Disclaimer: All publicly recognizable characters, settings, etc. are the property of their respective owners. The original characters and plot are the property of the author. The author is in no way associated with the owners, creators, or producers of any media franchise. No copyright infringement is intended.
“I have to congratulate you,” the tall, skeletal, red-headed publicist drawled, her New York accent making her seem just a little taller, “You made the right decision. Calling me was the best thing you could have done under the circumstances.” She finger-waved to Brock, her assistant, “Come along!” As she stood at the door, waiting for Brock to pull it out of her way, she turned and said, “I’ll be in touch with a proposal within the week. Ciao, ciao!” Brock brazenly winked at the Kings, and, with a click of high heels, the door closed, leaving the room feeling as though a vacuum had suddenly sucked it dry.
Bartlett settled back a bit before glancing at his mate, “Rusty, do you think we’ve made a mistake?”
“No, Bartie,” Russell grinned, “No, I don’t. I think Cruella and her flying monkey are exactly what we need!”
Bartlett nodded. He was feeling better about this having seen how the woman had prepared for this initial meeting.
Maude made the recommendation. When they called Minnesota, they asked to speak with Pam Ravenscroft. Since Pam was in the entertainment business, they thought her the most logical choice to advise them, but Pam had not been in the Palace, Maude didn’t leave it at that. She wheedled the reason for their call from them and then announced, “Oh, you don’t need to ask Pam! I know exactly you who want!”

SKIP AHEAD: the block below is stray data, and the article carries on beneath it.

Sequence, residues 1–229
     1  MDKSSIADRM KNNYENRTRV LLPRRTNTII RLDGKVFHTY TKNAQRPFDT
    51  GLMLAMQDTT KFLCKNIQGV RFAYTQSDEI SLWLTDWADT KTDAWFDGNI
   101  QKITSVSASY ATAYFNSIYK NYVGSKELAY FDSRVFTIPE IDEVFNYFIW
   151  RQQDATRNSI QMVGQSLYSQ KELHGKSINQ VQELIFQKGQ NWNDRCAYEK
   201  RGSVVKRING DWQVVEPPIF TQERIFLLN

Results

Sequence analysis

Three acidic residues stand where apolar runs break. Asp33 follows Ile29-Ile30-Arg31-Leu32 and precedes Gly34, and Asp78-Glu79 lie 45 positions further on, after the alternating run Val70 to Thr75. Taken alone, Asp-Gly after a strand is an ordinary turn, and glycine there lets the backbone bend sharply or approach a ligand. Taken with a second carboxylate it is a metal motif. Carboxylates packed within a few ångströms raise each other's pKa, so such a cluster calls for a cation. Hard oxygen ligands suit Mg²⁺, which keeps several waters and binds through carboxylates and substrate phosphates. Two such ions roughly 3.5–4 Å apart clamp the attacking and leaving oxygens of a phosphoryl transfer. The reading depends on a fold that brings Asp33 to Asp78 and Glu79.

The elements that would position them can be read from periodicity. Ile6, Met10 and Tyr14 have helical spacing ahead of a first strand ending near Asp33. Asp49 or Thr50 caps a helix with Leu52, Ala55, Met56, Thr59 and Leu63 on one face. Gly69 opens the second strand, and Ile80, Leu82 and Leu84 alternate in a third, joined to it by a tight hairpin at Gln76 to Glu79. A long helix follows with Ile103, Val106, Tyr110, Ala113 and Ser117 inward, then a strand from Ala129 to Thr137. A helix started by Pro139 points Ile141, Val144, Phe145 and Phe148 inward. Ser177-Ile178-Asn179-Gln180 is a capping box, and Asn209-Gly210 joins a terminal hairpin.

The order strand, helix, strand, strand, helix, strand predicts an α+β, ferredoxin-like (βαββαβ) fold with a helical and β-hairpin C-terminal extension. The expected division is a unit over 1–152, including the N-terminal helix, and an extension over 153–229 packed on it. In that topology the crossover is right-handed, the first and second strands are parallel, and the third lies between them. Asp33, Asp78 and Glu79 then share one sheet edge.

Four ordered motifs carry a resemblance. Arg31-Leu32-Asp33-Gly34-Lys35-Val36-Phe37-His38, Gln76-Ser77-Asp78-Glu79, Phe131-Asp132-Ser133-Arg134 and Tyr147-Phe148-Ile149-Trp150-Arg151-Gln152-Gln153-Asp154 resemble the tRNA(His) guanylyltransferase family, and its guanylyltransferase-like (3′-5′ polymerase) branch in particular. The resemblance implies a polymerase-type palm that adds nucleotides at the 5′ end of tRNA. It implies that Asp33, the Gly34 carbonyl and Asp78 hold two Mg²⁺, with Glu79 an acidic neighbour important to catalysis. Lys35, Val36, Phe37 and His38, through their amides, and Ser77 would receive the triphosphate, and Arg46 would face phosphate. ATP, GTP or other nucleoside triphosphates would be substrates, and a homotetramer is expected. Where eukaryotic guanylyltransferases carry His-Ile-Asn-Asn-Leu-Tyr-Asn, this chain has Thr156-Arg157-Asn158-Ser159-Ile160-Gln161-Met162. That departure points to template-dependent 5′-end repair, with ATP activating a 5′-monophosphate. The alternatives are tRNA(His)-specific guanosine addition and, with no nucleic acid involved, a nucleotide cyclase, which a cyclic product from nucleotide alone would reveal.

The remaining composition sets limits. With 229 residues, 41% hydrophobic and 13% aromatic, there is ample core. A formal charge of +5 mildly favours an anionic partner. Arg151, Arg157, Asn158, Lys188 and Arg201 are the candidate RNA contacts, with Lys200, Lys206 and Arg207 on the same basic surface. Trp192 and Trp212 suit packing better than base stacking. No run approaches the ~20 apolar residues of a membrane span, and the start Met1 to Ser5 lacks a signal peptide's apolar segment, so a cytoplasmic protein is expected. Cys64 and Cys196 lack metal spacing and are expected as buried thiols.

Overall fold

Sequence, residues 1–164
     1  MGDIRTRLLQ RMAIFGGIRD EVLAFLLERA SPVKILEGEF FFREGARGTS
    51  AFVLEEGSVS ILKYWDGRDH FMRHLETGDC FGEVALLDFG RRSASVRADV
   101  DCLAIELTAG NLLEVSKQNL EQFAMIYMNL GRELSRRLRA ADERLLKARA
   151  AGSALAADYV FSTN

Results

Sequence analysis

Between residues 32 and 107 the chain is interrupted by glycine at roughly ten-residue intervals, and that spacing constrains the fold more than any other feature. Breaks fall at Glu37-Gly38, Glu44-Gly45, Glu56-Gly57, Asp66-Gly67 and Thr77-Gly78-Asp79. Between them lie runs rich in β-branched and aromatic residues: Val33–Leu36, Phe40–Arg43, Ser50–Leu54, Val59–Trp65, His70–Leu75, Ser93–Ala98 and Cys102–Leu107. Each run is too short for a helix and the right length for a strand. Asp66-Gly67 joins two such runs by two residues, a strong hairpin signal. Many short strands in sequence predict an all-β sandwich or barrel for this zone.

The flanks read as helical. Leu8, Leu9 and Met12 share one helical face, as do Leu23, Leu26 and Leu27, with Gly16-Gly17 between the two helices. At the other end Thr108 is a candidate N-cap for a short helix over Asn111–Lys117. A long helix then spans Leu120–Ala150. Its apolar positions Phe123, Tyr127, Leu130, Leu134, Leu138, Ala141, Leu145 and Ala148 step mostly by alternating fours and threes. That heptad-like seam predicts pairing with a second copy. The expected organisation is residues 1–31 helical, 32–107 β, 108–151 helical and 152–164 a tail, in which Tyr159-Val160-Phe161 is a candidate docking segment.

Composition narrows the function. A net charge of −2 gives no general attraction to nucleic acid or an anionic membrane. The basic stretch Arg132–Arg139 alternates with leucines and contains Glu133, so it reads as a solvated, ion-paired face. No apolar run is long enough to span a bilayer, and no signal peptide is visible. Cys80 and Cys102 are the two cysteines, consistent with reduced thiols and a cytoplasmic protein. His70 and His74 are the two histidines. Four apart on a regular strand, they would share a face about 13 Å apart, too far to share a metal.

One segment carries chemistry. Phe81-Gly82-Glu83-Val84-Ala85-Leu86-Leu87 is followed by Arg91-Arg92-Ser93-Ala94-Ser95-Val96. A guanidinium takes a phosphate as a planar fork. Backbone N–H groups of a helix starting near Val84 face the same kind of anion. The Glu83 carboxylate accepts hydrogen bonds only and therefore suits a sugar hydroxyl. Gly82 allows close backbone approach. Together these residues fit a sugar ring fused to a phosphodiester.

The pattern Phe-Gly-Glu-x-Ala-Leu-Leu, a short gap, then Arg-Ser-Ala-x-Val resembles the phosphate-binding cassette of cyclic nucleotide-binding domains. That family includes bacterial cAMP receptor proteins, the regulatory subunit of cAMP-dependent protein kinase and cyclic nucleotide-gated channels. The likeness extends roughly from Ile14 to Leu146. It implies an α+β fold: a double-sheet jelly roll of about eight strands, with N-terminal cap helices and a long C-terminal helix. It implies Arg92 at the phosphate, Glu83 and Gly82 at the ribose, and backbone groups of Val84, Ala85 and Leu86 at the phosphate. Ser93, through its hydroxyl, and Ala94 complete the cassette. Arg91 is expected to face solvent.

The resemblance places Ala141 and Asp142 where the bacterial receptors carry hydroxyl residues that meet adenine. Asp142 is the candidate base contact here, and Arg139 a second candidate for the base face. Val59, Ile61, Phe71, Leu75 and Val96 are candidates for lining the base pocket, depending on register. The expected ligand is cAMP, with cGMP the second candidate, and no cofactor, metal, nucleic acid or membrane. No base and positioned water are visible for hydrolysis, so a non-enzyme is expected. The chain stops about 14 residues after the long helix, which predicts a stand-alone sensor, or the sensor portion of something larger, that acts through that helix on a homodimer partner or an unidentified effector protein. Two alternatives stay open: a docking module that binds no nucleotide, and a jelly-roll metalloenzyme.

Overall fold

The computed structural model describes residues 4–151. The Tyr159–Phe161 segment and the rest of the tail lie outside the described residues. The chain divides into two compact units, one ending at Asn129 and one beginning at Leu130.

Maude went on to describe the publicist, Twy, in glowing terms. She described her history with Eric Northman and how Pam was so impressed with the woman’s ability to pull off minor miracles that she hired her to work on the ground floor of her new events planning venture, the one Pam launched under the Fangtasia brand. Maude assured them the woman and her work were brilliant, and she gave them Eric’s name as a reference. The Kings had met Twy before. They knew she was arranging things for Bill Compton at the upcoming Moshup Summit, but this was the first time she would be working for them directly. “If she’s all that,” Bart had asked, “Then why would Pam part with her?”
“Trouble in paradise,” Maude sniffed. “There was a personal relationship, but you know Pam. Pam is ready to move on, but who lets Pam go gracefully? I know you won’t make the same mistake of playing with your food. Stay out of her bed and out of her vein and I think you’ll be thrilled with the result.”
Within 24 hours of their call, the publicist was in their study in Jackson, projection board in place, and a clicker in her hand. Her grasp of their situation, and the way she demonstrated that knowledge blew them away.